The starting points for this chapter are some of the characteristics of contemporary curriculum reform in physical education (PE) that other chapters in this part have touched on. In particular, the chapter engages with the growing complexity of ‘the curriculum space’ that is associated with PE in schools and the increasing influence and involvement of government and other organisations in shaping the direction and momentum of curriculum reform. Put simply, the chapter reflects that in many instances, very significant pressures, investment and impetus for changes to the experiences that are provided in PE curriculum time are coming from sources other than national, state or local education authorities. We direct attention to a body of research that has sought to better understand the influence of so-called ‘external’ organisations and initiatives that have emerged from various health, physical activity and sport interests and policy imperatives. The chapter recognises that curriculum reform may not be an explicit intention of many of the agencies and organisations that offer ‘physical education’ services and resources to schools. We contend, however, that reform is an important, albeit subtle effect of changing models of provision of PE, physical activity and sport in schools. Hence, the chapter explores ways in which contemporary political and policy dynamics are influencing developments in official policy and in the pedagogical practice of ‘physical education curriculum’ (see also Jess & Gray, Chapter 10). It also provides further insight into teachers’ positioning and influence in curriculum reform (as discussed by Petrie, Chapter 12) and pursues the implications of the developments described in relation to concerns for equity and inclusion in PE (see Wilkinson, Chapter 13), and for enhanced ‘quality’.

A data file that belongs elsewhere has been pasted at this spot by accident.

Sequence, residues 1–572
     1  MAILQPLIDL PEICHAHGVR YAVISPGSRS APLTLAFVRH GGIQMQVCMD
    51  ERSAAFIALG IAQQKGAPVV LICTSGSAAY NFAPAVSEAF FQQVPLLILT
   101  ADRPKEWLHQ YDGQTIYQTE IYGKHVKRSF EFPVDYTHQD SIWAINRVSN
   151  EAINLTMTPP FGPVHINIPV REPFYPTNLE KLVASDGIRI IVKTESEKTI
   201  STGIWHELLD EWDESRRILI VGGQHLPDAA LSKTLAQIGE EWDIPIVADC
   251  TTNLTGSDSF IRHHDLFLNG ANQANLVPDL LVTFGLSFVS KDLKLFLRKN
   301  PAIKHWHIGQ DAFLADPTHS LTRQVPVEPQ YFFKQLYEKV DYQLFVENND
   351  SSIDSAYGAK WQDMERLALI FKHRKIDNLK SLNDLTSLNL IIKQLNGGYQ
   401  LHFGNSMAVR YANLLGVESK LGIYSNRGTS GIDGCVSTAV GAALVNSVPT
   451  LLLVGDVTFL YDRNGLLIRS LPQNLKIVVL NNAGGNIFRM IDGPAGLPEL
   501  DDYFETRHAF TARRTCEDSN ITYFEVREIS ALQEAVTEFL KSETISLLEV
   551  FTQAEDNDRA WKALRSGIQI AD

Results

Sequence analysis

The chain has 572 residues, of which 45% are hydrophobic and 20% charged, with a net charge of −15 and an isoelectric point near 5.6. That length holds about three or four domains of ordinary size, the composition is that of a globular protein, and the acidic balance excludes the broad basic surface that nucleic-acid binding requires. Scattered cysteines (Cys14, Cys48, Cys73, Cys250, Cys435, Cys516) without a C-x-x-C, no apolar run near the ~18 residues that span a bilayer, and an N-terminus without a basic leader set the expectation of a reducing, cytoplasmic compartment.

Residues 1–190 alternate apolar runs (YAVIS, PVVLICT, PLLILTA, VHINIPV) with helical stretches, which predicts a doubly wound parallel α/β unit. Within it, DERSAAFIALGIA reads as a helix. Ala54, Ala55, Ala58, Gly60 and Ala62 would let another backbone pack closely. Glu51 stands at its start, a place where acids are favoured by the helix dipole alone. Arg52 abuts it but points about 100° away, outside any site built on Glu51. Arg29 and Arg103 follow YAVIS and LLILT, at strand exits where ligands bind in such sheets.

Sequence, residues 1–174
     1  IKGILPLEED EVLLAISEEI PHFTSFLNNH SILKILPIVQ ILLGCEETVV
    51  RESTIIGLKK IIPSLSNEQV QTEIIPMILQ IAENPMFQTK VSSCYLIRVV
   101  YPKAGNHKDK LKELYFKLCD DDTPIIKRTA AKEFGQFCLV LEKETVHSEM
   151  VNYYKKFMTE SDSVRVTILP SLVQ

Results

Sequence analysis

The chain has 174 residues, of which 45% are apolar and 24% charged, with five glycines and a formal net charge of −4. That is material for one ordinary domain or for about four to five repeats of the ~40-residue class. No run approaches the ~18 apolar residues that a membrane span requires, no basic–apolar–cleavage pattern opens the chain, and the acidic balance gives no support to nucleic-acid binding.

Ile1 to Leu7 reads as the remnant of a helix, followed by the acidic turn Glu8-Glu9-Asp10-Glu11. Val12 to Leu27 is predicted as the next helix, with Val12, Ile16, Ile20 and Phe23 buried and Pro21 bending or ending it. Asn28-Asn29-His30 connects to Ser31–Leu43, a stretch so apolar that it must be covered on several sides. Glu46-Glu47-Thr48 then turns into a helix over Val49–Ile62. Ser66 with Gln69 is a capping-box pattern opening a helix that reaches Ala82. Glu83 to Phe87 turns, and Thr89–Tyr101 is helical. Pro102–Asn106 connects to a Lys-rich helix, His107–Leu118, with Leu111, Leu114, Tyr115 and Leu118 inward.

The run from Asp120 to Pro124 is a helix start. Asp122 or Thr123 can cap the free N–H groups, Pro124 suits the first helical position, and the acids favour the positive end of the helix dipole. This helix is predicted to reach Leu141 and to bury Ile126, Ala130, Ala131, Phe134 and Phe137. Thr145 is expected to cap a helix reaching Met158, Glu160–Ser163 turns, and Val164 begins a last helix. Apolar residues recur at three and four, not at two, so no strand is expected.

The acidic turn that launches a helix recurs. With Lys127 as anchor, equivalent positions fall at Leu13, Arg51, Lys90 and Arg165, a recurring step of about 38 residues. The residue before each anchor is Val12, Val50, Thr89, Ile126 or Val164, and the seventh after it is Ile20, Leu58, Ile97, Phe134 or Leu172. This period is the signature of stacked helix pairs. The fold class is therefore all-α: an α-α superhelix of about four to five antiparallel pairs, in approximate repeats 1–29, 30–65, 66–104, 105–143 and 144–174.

|Title of host publication||Routledge Handbook of Physical Education Pedagogies|
|Editors||Catherine D Ennis|
|Place of Publication||Abingdon UK|
|Number of pages||16|
|Publication status||Published - 2017|
|Name||Routledge International Handbooks|